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Valiants football ready for Friday Night Lights

by: TIMES PHOTO: MATT SINGLEDECKER - For the first time in the programs history, Valley Catholic will have lights on its football field.

There’s something mystical about high school football and Friday Night Lights.

The vibrancy of the student section, the galvanic buzz that runs through the stands as the lights flicker on and two teams sprint onto the gridiron are sensations that can’t be replaced.

For the first time in five seasons, the Valley Catholic football team will experience what high-powered Friday night football is all about when it takes on Blanchet Catholic at home under a new lighting system installed in July.

“For us, it’s a huge step,” said VC athletic director Joel Sobotka. “Friday nights are high school football. For the Valley Catholic community, our entire campus, alumni and the sisters and St. Mary’s, I think it’s going to be a neat event.”

A Valley Catholic High parent, who wished to remain anonymous, donated nearly all of the $200,000 needed to set the lighting process in motion. The lighting plan launched last fall, and around the middle of May, Sobotka and the school administration gave the green light to the project. In mid-June, right when school was getting out, construction began around the Valley Catholic football field. The digging for the poles and the installation of the poles took two weeks. The undertaking was completed in July.

Sobotka said he felt what the Valley Catholic athletic department really required was the ability to play football games on Friday nights. To the athletic director, football is a huge sport at the high school level, one that brings communities together and promotes positive fellowship amongst the student body.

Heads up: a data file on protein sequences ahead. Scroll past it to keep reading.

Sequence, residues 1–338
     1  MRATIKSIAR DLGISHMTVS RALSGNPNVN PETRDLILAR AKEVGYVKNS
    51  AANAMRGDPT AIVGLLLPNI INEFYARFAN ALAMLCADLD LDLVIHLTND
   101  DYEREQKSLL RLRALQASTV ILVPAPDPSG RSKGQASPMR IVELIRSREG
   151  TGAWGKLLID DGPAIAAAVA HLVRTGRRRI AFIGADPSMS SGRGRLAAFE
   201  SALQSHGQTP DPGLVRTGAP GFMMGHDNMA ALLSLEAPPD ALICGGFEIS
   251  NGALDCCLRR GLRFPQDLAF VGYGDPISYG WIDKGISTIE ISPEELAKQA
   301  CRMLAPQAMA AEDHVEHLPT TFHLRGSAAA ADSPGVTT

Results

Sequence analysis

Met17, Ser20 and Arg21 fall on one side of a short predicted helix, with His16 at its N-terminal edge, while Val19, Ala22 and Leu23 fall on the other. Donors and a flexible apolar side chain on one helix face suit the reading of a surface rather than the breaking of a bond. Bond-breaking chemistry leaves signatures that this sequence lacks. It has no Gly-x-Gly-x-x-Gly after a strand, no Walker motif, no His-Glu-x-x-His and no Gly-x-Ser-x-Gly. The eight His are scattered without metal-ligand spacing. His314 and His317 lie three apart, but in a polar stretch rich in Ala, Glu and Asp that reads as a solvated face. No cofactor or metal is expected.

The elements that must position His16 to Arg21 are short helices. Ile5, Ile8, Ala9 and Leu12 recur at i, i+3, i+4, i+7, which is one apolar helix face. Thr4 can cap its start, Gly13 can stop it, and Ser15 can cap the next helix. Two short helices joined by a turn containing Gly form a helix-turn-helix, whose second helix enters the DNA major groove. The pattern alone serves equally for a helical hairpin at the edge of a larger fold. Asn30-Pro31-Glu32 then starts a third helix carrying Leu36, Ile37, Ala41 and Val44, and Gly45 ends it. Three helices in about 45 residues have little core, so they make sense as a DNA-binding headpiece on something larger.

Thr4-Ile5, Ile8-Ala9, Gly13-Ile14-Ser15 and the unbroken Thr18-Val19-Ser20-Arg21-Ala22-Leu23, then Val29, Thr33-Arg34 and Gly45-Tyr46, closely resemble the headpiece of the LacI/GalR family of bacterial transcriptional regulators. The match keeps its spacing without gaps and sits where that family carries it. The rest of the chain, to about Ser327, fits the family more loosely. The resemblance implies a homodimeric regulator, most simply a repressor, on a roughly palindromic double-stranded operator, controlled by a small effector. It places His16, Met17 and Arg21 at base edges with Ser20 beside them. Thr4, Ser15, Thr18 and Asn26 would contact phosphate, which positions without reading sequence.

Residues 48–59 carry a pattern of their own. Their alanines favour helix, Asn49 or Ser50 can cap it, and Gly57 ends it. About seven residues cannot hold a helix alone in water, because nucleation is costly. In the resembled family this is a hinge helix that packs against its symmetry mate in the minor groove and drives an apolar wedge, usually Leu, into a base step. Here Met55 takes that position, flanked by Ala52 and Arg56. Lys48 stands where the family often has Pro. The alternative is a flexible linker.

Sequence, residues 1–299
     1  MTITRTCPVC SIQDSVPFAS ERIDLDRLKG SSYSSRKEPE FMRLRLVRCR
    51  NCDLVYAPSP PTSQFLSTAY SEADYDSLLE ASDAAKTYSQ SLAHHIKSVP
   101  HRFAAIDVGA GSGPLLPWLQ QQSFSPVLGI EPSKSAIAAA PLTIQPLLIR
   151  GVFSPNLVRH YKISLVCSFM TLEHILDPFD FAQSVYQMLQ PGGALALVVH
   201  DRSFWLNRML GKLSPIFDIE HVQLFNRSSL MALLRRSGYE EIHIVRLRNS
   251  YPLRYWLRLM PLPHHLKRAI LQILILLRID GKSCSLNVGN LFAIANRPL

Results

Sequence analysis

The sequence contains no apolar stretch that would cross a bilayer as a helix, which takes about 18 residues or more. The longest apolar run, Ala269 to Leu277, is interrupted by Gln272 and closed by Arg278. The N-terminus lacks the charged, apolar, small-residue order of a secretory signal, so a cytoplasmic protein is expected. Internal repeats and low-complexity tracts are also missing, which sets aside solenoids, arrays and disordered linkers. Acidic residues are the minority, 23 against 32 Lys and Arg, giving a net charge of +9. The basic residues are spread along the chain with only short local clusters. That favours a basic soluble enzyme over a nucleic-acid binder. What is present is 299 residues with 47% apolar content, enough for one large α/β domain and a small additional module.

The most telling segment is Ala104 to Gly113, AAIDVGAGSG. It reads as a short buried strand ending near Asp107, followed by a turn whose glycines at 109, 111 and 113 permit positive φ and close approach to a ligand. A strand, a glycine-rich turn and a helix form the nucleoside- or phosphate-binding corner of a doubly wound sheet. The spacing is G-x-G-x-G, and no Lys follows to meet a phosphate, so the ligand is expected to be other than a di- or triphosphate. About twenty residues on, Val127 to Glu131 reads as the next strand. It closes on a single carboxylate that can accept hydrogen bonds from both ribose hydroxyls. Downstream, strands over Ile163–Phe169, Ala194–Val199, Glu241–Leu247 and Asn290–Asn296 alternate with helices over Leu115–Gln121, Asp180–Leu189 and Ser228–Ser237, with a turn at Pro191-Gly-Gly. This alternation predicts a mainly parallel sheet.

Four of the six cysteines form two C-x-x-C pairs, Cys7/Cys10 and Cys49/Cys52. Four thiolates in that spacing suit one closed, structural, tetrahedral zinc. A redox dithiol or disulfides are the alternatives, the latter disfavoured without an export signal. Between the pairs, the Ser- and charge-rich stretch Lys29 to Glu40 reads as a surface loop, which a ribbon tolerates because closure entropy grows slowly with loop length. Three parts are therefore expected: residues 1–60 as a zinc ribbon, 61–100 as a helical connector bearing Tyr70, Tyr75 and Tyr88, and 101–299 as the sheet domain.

“I think it kicks off your school year,” said Sobotka. “I have friends who go back to watch their high school play on a Friday night. I just felt that was the number one priority for us. We’re moving up to 4A next year, and this was a big step. It’s just amazing, the commitment of our administration and the sisters (of St. Mary of Oregon) to go forward with this.”

Playing on Saturdays was tough for the Valiants because all of the area high schools had played the previous night. To boot, youth football and soccer leagues are predominant on Saturdays in Beaverton. Couple in families flocking to the University of Oregon, Oregon State University and other colleges in the area to watch college football, and it amounted to an unfavorable scenario for the Valiants in terms of fan support and local buzz.

“You kind of felt like it was Pee Wee football all over again,” said senior quarterback Carter Buuck. “But we had it down to a science. We had our principal out cooking free hot dogs for anybody who wanted to come. It’ll just be a nice switch up to Friday Night Lights and something our school has been looking forward to for a long time.”by: TIMES PHOTO: MATT SINGLEDECKER - An anonymous donor gave nearly the full $200,000 to get Valley Catholics lighting of its football field off the ground.